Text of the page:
Volume 10 Supplement 1

16th Scientific Symposium of the Austrian Pharmacological Society (APHAR)

Open Access

Endotoxin-induced microparticle formation is subject to tolerance development in humans

BMC Pharmacology201010(Suppl 1):A37

https://doi.org/10.1186/1471-2210-10-S1-A37

Published: 16 November 2010

Background

Microparticles (MP) are small membrane vesicles expressing tissue factor and staining positive for annexin V which are released from different cell types during cell activation and apoptosis. MP are considered to promote coagulation and impair vascular function. Circulating concentrations of MP are elevated in patients with systemic inflammatory conditions.

Methods

Formation of MP was studied in 8 healthy male subjects exposed to intravenous E. coli endotoxin (LPS; 2 ng/kg body weight) who were re-challenged after 17 ± 11 days. In addition, intravenous vitamin C (25 g) or placebo was administered 3.5 hours after LPS on alternate trial days in random order. Venous blood samples were taken before, 3 h and 6 h after LPS administration. MP were detected using FACS analysis. Leukocyte count and body temperature were measured as positive control. All results are expressed in medians in the unit 103 MP/μL plasma.

Results

MP formation was increased 3 h and 6 h after LPS administration. However, this effect was only demonstrable after the first LPS challenge with an increase of MP from baseline 596 units [range 399–1704 units] by a factor of 1.05 at 3 h and 3.87 at 6 h after LPS, and abolished after the second LPS exposure with a decrease from 874 units [430–1404 units] by a factor of 1.17 at 3 h and 1.25 at 6 h. This increase was independent of vitamin C administration. In contrast, reactivity of body temperature and leukocytosis 3 h and 6 h after LPS was similar between the study periods.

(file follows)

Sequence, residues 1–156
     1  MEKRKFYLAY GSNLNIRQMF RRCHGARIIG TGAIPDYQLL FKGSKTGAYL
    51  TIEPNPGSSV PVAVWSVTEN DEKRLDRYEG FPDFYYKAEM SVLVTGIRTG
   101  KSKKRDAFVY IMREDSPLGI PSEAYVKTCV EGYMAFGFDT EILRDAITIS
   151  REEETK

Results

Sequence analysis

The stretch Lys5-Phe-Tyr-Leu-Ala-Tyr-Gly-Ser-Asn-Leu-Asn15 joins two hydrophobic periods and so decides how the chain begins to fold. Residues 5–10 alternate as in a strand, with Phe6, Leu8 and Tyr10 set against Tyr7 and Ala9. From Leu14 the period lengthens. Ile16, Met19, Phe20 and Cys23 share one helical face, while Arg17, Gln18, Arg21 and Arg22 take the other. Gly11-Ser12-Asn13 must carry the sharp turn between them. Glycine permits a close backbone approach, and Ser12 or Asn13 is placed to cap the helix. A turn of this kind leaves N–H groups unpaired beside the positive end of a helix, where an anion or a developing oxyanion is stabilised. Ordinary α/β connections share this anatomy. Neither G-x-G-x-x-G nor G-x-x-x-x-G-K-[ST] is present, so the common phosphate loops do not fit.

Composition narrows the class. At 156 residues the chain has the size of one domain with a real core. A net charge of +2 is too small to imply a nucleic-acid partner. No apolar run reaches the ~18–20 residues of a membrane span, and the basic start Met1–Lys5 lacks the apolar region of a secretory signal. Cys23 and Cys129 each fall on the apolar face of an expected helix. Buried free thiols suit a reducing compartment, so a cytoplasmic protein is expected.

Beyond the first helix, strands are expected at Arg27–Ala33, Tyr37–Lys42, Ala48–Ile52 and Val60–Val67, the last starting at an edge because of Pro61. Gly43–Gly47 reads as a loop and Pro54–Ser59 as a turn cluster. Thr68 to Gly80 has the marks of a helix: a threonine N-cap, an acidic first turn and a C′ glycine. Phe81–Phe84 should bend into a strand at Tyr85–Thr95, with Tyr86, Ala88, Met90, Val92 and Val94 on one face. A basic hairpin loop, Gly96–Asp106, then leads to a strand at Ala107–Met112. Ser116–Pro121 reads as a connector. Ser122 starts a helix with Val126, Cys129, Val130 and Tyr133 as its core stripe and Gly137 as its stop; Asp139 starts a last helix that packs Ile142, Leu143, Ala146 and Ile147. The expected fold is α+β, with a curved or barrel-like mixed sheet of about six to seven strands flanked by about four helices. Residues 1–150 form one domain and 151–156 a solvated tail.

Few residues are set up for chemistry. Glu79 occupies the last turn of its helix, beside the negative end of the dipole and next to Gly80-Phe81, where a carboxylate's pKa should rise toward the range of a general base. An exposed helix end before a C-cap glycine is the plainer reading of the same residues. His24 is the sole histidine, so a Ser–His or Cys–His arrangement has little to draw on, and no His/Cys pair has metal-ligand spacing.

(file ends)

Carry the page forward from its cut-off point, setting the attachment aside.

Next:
Conclusions

Our results demonstrate rapid and marked formation of MP in healthy men after systemic LPS challenge. The development of tolerance to LPS is observed in the absence of mitigated systemic inflammatory responses. This suggests that MP formation follows different pathways than those of inflammatory mechanisms.

Authors’ Affiliations

(1)
Department of Clinical Pharmacology, Medical University of Vienna

Copyright

© Wolzt et al; licensee BioMed Central Ltd. 2010

This article is published under license to BioMed Central Ltd.

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